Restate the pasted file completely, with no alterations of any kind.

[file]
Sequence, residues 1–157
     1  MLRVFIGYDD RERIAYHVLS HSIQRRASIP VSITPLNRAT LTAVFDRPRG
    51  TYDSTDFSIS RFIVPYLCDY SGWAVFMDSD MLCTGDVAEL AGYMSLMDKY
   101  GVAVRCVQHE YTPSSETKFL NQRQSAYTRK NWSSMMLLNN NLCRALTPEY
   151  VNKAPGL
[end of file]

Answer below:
Sequence, residues 1–157
     1  MLRVFIGYDD RERIAYHVLS HSIQRRASIP VSITPLNRAT LTAVFDRPRG
    51  TYDSTDFSIS RFIVPYLCDY SGWAVFMDSD MLCTGDVAEL AGYMSLMDKY
   101  GVAVRCVQHE YTPSSETKFL NQRQSAYTRK NWSSMMLLNN NLCRALTPEY
   151  VNKAPGL